Stockholm (Ekonamik) – On Wednesday, February 27, the Chairman of the Federal Reserve System of the USA presented the Federal Reserve’s semiannual Monetary Policy Report to Congress. His comments were in line with recent expectations. There were no hints of an acceleration in rate hikes or in balance sheet adjustments, such as the ones that disrupted markets at the end of 2018.
Following the increase of the Fed Funds rate on 19 December 2018, markets reacted strongly to the suggestion that further rate hikes and quantitative tightening might be planned for 2019. By December 24th the SP500 had fallen 7.7%, following the decision. Wary of the consequences, the Fed reversed course and started hinting at a slower pace of interest rate hikes and balance sheet decrease. In Fed-speak, policy rates went from being perceived to be “just below” the neutral level on November 28, to “in the range of the Committee’s estimates of neutral” by January 30.
The testimony to Congress echoed this more accommodative stance. “In January, with inflation pressures muted, the FOMC determined that the cumulative effects of these developments, along with ongoing government policy uncertainty, warranted taking a patient approach with regard to future policy changes. Going forward, our policy decisions will continue to be data dependent and will take into account new information as economic conditions and the outlook evolve,” stated the Fed Chairman on future interest rates decisions.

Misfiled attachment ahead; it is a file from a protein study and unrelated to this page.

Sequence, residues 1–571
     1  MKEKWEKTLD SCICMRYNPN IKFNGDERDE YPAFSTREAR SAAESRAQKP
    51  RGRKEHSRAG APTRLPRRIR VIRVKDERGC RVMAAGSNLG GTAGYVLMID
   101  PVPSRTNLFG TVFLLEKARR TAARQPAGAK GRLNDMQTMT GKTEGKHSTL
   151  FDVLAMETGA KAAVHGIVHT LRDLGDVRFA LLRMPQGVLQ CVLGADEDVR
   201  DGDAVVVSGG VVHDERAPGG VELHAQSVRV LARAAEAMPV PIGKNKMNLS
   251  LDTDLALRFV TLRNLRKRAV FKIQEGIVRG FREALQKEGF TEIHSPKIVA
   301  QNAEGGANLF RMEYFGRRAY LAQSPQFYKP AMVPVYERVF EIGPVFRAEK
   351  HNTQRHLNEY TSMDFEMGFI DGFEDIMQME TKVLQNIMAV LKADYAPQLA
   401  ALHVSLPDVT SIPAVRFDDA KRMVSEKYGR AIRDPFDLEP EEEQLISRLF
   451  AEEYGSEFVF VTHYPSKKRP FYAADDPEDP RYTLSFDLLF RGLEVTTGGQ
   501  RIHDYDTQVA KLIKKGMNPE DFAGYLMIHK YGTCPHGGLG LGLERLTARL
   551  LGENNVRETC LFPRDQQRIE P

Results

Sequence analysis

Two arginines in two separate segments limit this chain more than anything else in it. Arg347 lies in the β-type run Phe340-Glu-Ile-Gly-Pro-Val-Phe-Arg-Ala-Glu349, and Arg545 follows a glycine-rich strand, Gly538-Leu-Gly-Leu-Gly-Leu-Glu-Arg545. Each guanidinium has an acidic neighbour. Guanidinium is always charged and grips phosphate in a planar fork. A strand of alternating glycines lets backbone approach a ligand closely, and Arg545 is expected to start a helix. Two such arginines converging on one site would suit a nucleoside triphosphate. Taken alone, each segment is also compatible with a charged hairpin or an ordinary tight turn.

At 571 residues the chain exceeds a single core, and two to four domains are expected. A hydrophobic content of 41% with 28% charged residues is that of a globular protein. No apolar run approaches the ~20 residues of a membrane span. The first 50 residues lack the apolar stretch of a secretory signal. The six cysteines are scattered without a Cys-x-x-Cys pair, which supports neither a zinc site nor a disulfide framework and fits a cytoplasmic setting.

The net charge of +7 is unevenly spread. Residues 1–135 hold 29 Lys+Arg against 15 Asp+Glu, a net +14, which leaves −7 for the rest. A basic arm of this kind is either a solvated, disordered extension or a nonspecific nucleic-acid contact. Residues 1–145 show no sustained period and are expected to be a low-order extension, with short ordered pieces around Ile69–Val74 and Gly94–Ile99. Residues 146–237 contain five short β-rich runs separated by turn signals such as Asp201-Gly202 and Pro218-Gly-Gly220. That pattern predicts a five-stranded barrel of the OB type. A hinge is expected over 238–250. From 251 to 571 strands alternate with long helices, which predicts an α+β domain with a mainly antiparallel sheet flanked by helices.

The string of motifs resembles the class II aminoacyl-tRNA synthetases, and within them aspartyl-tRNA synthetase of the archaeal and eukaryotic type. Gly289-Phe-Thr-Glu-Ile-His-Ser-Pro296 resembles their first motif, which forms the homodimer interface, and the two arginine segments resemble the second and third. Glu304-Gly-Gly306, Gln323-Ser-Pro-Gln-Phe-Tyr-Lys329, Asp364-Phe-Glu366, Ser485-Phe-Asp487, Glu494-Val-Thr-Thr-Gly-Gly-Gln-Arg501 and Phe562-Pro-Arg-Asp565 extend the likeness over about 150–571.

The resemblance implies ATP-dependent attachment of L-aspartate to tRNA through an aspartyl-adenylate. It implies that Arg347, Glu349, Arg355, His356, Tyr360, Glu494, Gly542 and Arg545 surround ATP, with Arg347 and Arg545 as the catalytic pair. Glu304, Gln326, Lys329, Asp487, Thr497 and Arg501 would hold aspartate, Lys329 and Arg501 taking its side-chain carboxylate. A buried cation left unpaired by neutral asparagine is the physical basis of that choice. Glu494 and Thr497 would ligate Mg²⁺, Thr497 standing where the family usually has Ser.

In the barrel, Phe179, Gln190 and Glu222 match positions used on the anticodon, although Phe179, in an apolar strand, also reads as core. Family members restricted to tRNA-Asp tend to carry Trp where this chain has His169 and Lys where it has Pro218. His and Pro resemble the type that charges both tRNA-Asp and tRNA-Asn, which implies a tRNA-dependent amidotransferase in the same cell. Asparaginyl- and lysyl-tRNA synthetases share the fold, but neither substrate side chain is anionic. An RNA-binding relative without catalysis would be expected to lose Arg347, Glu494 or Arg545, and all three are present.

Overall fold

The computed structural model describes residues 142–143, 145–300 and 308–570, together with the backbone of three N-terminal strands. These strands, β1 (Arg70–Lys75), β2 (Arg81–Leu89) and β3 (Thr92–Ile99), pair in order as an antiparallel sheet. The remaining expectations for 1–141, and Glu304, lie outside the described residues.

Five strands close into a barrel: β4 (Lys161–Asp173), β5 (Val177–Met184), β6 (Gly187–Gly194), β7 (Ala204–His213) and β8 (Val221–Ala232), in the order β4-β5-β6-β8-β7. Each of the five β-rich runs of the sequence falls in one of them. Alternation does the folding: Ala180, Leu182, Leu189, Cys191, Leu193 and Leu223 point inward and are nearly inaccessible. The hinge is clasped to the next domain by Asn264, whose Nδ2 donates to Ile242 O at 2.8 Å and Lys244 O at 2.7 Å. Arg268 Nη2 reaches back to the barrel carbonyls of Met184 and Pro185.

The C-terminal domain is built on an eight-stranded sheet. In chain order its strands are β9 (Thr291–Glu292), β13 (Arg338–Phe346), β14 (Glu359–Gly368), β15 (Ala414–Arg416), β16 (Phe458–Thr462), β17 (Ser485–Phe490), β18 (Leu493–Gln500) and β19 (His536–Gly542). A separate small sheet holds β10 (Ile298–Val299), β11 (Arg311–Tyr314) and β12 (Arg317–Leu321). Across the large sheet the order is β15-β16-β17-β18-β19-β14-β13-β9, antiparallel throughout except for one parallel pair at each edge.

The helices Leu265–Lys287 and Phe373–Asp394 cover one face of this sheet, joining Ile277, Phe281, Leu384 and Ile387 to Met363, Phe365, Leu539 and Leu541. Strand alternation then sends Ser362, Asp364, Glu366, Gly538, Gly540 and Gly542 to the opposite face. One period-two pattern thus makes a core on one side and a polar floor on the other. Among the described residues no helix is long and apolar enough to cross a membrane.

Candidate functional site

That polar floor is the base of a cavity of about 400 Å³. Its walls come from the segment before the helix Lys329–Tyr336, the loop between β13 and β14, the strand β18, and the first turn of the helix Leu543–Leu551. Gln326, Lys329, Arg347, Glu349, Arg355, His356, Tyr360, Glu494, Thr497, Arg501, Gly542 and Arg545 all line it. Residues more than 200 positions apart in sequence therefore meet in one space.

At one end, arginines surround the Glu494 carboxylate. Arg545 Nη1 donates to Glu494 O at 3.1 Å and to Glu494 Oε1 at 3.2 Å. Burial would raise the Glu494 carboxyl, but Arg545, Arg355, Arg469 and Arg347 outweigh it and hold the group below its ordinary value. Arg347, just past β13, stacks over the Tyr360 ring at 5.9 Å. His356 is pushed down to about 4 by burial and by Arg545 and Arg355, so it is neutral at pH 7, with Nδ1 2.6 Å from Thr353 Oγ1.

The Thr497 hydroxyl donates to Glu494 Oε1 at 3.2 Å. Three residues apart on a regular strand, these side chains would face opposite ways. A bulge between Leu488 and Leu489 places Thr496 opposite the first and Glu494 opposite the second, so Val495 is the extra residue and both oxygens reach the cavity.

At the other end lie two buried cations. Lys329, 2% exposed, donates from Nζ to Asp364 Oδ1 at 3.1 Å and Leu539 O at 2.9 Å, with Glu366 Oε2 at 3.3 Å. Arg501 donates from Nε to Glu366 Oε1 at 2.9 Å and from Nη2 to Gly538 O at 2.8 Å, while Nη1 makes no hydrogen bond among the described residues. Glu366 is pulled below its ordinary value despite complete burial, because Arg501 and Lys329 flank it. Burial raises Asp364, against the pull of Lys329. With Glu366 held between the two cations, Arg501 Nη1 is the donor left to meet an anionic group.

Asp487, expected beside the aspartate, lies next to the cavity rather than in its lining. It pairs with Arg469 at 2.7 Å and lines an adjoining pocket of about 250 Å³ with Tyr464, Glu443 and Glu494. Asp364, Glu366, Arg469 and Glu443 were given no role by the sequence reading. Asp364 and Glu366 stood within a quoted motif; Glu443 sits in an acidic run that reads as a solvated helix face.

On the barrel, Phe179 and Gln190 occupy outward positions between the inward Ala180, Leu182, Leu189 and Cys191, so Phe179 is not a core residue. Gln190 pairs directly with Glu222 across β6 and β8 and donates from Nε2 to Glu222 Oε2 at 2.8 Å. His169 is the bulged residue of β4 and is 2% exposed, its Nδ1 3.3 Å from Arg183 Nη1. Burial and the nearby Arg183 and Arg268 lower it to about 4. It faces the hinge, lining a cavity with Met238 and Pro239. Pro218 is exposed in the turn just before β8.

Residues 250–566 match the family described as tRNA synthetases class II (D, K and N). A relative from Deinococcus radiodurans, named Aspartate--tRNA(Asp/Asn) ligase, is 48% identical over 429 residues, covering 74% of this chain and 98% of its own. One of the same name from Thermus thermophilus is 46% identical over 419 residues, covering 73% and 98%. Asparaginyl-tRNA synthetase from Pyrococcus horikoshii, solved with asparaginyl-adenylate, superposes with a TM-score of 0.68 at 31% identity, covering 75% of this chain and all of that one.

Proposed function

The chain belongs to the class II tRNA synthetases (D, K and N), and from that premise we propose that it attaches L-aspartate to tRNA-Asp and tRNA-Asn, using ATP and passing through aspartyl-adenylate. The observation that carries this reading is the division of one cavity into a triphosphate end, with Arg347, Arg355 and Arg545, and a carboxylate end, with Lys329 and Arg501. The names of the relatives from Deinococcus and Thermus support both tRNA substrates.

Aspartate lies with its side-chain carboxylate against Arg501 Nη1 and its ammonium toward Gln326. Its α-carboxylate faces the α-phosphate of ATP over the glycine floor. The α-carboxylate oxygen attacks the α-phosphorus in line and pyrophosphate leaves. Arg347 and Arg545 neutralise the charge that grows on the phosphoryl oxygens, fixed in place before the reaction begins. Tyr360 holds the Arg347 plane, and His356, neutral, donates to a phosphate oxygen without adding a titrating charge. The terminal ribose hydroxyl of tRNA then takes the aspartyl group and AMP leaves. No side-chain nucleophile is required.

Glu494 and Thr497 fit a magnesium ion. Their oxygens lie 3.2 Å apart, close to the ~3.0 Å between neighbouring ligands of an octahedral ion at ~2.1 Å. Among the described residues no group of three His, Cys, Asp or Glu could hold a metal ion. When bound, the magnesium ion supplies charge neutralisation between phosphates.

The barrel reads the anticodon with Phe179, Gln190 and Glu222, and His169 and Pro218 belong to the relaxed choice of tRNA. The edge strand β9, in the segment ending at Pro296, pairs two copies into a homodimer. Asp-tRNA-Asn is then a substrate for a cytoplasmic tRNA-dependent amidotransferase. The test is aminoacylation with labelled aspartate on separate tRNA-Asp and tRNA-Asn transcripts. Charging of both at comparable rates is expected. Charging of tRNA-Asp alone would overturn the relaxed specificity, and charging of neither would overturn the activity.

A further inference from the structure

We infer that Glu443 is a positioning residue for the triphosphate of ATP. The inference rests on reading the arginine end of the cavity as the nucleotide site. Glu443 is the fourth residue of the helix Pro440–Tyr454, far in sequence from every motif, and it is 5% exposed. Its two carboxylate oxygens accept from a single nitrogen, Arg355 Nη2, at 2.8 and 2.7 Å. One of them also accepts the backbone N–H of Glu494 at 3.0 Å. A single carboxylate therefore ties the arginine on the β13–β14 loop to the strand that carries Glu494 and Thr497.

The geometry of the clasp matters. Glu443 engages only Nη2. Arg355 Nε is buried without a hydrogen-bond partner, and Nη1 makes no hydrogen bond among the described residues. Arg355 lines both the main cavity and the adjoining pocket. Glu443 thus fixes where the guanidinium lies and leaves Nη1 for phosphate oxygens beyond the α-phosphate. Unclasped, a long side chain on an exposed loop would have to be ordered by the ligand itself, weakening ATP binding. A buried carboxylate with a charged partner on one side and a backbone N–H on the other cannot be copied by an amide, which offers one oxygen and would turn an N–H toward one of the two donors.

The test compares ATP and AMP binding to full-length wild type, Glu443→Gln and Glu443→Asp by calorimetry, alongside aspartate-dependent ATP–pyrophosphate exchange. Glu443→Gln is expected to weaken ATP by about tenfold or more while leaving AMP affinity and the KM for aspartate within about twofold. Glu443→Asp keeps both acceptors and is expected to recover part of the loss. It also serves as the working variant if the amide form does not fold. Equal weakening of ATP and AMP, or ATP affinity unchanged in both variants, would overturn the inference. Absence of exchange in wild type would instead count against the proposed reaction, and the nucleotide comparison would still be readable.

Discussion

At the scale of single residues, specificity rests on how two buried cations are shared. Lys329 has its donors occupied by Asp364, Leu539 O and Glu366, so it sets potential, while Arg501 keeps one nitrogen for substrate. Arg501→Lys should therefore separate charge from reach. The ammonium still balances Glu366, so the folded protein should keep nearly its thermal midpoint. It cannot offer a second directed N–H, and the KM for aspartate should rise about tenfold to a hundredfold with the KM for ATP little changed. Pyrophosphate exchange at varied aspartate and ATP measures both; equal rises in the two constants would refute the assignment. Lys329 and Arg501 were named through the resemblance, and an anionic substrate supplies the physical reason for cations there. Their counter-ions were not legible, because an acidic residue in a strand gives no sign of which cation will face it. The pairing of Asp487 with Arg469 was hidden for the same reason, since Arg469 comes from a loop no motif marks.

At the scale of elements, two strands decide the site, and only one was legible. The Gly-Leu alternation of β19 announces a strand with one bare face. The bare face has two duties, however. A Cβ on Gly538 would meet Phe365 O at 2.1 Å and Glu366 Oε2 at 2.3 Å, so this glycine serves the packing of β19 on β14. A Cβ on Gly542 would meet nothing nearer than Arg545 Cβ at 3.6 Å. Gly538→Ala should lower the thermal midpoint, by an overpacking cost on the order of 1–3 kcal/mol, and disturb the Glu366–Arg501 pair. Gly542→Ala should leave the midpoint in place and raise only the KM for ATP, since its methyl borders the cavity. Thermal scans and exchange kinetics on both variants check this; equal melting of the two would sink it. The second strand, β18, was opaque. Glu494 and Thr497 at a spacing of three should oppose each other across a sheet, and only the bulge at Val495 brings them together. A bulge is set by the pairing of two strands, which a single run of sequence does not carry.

Regarding the size of the Fed’s balance sheet, the Fed Chairman noted that “we have also continued to gradually shrink the size of our balance sheet by reducing our holdings of Treasury and agency securities. The Federal Reserve’s total assets declined about $310 billion since the middle of last year and currently stand at close to $4.0 trillion. Relative to their peak level in 2014, banks’ reserve balances with the Federal Reserve have declined by around $1.2 trillion, a drop of more than 40 percent”.
“Forecasters peg the endpoint for the Fed’s balance sheet at somewhere in the $3.5 trillion range. At the current clip of $50 billion in net bond maturities per month, the Fed could well be done its remaining bond sales in under a year. More realistically, given a likely desire to smoothly decelerate, the process could take slightly longer,” according to Eric Lascelles, Chief Economist at RBC Global Asset Management.
“ING’s house view believes the current Fed pause could resolve itself in one last rate hike – perhaps in 3Q19. However, the bar to that hike looks quite high and the Fed pause could easily turn into something longer – such as the twelve month pause in Fed rates seen between summer 2006 and summer 2007. The Fed Fund futures strip certainly prices that story, with the next full 25 basis point Fed move (a cut) not priced until summer 2021,” commented Chris Turner Global Head of Strategy and Head of EMEA and LATAM Research at ING.
Perhaps the most interesting part of the Chairman’s testimony to Congress was his answer to a question from Sen. Jon Tester, Democrat from Montana, about the repercussions of a failed interest payment by the US government, because of the debt ceiling. “It’s beyond even consideration. The idea that the U.S. would not honour all of its obligations and pay them when due is something that can’t even be considered,” Chairman Powell replied according to CNBC.
Picture from Board of Governors of the Federal Reserve System.